Electromechanics of Particles

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Cambridge University Press, Sep 8, 2005 - Science - 265 pages
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The focus of this book is on the interactions of small particles, in the size range of microns to millimeters, with electric or magnetic fields. This field has particularly useful practical applications, for instance in photocopier technology and lately in the characterization and manipulation of cells and DNA molecules. The author's objective is to bring together diverse examples of field-particle interactions from many areas of science and technology and then to provide a framework for understanding their common electromechanical phenomena. Using examples from dielectrophoresis, magnetic brush xerography, electrorheology, cell electrorotation, and particle chain rotation, Professor Jones introduces a general model--the effective dipole method--to build a set of predictive models for the forces and torques responsible for the important electromechanical effects. In the last part of the book, the author covers the ubiquitous phenomenon of particle chaining. This book will be highly useful to material engineers and scientists, chemists, and biologists who work with particles, powders, or granular materials.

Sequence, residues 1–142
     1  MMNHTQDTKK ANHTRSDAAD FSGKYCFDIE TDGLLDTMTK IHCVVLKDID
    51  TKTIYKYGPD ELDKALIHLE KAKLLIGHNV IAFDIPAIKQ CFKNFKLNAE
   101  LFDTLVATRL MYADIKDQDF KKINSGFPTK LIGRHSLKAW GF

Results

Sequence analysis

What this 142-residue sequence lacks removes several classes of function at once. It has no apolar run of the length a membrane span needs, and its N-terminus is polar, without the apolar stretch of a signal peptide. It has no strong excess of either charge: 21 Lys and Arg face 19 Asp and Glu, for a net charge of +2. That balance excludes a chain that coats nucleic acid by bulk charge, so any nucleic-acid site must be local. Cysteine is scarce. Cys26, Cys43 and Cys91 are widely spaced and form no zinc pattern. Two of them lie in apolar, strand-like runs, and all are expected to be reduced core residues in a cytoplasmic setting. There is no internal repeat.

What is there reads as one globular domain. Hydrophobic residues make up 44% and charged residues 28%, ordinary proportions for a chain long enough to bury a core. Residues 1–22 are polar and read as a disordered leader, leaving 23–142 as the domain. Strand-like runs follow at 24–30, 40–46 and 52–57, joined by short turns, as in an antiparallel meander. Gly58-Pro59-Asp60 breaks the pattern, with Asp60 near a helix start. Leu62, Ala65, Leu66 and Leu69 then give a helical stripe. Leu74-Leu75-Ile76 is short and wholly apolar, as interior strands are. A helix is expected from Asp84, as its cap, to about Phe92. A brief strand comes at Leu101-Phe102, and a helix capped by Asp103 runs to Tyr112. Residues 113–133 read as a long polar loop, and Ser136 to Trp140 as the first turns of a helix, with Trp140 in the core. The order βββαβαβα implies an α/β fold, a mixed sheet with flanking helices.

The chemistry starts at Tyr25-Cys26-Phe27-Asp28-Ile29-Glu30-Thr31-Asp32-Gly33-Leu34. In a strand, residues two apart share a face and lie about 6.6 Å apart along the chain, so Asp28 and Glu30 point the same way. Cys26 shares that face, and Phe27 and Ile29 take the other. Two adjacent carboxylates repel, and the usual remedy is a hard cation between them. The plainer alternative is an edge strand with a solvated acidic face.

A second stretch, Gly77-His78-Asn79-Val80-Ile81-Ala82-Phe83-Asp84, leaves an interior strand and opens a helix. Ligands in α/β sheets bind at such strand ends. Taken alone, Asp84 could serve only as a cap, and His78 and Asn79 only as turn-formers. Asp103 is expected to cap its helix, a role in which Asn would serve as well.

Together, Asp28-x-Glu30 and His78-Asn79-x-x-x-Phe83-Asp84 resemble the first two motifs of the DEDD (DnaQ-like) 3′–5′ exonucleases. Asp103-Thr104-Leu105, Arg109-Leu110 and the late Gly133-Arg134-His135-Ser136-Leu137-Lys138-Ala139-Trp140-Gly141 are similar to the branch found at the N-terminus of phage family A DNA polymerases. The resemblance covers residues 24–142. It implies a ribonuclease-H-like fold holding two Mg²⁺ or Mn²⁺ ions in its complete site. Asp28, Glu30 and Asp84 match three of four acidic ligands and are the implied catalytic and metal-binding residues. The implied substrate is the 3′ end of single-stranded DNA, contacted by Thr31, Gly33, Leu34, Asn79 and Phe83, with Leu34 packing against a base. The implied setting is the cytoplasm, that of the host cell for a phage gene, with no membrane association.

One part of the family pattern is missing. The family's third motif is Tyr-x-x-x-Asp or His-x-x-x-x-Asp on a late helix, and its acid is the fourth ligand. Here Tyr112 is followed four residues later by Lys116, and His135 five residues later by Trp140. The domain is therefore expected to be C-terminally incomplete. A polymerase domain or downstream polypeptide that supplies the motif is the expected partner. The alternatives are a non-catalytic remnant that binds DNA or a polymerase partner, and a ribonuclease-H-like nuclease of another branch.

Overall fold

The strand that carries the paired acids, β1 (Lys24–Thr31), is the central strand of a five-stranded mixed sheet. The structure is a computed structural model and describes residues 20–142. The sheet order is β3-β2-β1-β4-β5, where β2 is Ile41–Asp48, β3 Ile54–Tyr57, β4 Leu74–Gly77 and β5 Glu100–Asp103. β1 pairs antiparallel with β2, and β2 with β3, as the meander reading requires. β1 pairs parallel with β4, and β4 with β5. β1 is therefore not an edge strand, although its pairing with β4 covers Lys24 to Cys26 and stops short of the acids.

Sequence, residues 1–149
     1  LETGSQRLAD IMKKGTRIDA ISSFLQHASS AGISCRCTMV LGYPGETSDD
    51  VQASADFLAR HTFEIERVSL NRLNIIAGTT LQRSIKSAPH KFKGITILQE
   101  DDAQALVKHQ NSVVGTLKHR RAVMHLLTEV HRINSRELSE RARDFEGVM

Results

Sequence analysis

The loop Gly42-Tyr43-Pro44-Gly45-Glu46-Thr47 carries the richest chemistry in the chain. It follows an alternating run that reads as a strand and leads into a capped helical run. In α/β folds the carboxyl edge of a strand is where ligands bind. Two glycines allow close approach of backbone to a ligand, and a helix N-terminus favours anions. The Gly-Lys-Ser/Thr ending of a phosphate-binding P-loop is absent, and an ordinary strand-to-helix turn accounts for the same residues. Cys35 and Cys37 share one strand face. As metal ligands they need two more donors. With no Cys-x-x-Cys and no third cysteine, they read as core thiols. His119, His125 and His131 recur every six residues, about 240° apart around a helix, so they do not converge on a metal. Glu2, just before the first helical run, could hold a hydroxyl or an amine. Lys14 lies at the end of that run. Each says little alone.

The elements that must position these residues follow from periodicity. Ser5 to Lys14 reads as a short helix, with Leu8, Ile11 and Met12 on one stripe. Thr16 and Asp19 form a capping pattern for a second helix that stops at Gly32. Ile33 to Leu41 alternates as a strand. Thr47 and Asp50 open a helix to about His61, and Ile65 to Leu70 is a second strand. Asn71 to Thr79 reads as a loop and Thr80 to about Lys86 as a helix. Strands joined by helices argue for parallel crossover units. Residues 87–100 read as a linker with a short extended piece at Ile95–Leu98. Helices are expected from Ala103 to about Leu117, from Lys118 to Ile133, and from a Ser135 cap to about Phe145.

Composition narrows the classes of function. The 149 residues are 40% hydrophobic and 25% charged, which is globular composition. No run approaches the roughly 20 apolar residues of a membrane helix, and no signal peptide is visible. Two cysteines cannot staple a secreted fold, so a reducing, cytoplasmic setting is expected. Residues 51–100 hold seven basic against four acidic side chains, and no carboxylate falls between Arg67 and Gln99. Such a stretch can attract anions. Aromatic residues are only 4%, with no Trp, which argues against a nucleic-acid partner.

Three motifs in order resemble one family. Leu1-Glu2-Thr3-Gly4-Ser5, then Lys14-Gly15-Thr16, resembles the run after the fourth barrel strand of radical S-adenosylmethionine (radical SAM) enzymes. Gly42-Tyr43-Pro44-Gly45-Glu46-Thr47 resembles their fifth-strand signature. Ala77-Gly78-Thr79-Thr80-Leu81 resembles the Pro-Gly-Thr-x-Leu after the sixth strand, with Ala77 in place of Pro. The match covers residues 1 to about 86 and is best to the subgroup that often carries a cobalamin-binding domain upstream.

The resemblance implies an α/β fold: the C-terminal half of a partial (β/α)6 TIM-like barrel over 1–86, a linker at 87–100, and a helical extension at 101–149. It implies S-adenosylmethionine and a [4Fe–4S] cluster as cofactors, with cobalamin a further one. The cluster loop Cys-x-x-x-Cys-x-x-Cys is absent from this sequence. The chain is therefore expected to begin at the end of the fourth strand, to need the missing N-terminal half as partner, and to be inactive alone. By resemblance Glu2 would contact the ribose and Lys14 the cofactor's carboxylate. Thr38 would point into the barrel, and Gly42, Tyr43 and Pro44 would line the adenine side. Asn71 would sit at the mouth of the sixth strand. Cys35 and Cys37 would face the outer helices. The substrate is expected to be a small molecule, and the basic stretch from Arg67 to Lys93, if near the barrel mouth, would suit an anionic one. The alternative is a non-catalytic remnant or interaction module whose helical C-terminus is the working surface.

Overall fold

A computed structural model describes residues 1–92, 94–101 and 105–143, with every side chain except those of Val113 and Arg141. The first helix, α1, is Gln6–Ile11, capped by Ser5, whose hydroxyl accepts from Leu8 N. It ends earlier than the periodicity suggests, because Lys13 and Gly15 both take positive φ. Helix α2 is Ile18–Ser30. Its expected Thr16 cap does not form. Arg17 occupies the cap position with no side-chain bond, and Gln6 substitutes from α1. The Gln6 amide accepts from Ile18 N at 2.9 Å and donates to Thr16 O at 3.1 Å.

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Contents

1 Introduction
1
2 Fundamentals
5
3 Dielectrophoresis and magnetophoresis
34
4 Particle rotation
83
5 Orientation of nonspherical particles
110
6 Theory of particle chains
139
7 Force interactions between particles
181
Analogies between electrostatic conduction and magnetostatic problems
218
Models for layered spherical particles
227
Transient response ofohmic dielectric sphere to a suddenly applied DC electric field
236
Relationship of DEP and ROT spectra
238
General multipolar theory
248
Induced effective moment of dielectric ellipsoid
251
References
253
Index
263
Copyright

Review of linear multipoles
222

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